Most people play their best in close games. I see it in myself; I see it in other people; I see it in Magic; I see it in virtually every aspect of life. Fierce competition and a hard fight bring out the best in us. It's part of what's allowed our species to survive on Earth for so long! It's a heart-warming testament to the human spirit! Right?
Well, put a different way, most people play their worst when games aren't close. They either lose hope or they give up completely when things look bad. They get overconfident and careless when everything seems to be going their way. So sure, trying your hardest when things are close might be good for a caveman fighting sabertooth tigers, but it's quite a self-destructive quality in a Magic player.
When you're behind, you need to give yourself every chance to steal a win. When you're ahead, you need to stay tight and close the door on your opponent.
If you can come back to win one out of a hundred games that look hopeless, you'll be a better Magic player for it. If you allow one out of every hundred would-be wins to slip through your fingers, your chances of winning tournaments will plummet.
Playing From Behind
I'd like to share with you one of the most exciting moments in the history of the Magic Pro Tour:
Craig Jones, playing an aggressive deck with burn, finds himself in a losing position against Olivier Ruel, with the game slipping away from him with each passing turn. Listen to what the commentators say when Craig draws Char. One of the commentators wants Craig to make the obvious play of taking out his opponent's best creature. The other, however, advocates the bold play of firing Char directly at Ruel. Mr. Jones decides on the latter, and the rest is history.
Playing to Your Outs
Looking at that momentary snapshot of the game, burning the opponent's creature seems like a good play. However, Craig Jones was very far behind in the game, and making that play would've still left him in a losing position. It would've served to postpone the inevitable for a few turns, but he would've lost the game regardless.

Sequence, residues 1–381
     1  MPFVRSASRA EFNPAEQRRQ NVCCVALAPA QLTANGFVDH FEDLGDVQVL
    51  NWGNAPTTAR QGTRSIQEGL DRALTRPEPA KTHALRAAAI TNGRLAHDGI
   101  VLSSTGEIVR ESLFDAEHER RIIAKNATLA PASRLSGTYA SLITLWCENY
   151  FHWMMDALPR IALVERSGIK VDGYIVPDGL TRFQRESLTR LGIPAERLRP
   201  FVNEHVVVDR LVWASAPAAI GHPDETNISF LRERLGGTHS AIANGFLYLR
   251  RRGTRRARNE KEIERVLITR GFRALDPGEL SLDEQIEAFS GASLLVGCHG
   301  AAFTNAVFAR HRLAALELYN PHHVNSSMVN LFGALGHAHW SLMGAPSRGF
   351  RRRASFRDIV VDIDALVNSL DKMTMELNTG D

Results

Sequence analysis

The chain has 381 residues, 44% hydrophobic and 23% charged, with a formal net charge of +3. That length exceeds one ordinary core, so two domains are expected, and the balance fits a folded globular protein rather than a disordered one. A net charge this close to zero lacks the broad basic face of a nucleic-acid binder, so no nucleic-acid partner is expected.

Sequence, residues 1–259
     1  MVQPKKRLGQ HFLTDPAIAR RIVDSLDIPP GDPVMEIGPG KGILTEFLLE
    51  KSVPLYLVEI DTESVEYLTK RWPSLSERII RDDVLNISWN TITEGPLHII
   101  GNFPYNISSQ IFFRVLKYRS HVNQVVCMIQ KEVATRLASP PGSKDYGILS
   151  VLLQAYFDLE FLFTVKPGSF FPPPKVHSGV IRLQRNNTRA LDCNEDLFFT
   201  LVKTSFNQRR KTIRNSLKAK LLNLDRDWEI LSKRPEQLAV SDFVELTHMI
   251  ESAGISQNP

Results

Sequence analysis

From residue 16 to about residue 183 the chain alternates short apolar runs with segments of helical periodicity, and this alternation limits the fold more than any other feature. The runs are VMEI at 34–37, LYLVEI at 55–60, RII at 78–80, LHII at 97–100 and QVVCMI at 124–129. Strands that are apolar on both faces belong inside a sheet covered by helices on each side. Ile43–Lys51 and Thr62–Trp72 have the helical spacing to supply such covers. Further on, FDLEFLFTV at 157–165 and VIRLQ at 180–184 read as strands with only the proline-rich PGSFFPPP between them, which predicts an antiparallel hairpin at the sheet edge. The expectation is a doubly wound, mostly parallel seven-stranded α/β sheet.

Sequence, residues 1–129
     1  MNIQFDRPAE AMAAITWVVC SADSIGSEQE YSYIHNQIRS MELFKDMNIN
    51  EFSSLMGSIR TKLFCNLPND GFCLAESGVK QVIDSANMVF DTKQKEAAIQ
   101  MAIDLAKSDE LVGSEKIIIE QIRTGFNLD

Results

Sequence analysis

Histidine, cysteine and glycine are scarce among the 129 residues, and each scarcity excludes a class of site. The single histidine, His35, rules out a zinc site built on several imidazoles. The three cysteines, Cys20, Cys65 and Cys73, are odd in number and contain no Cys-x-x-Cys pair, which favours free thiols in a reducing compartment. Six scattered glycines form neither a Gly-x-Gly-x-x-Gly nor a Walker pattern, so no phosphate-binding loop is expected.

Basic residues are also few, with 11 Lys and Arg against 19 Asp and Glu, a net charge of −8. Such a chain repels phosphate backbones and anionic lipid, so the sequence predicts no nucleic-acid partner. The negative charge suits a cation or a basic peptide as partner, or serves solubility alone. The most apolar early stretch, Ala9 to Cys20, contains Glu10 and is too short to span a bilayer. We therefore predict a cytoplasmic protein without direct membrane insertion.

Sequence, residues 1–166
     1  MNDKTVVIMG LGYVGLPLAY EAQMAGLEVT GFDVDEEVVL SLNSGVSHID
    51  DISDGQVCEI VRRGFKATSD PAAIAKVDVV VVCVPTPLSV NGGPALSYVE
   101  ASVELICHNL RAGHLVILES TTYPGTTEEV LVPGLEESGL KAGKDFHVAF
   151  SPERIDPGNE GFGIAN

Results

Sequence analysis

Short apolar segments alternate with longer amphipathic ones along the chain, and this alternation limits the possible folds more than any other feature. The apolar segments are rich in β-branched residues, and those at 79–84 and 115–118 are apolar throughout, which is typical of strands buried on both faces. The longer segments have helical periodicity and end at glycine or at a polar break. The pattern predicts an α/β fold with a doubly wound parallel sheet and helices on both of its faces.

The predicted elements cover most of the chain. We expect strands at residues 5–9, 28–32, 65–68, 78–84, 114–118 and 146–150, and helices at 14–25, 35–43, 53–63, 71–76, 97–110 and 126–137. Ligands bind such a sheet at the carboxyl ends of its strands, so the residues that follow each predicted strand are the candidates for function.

When Captain Blackbeard is making you walk the plank, do you really care how long the plank is?
Instead, Craig thought through his possible paths to victory, and decided that this moment was do or die. His odds were slim, but slim odds are always better than a guaranteed loss. He cast Char on his opponent, and he drew Lightning Helix to deal the last 3 points of damage. This is called playing to your outs.
An out is a card or situation that you need to show itself in order for you to win. When you're losing a game, your focus needs to change from simply making obvious, sensible plays, to considering your outs. Figure out what your outs are, and play assuming that one of them will come up. If you successfully draw the card you need, you want to be in the best possible situation to take advantage and turn a loss into a win. If you don't, then the outcome will be the same as it would have been otherwise.
In other words, say you're losing and the only way you can come back is if something specific happens—you draw End Hostilities on your next turn. You can consider four different paths the game can take.
- You play normally. You don't draw End Hostilities. You lose.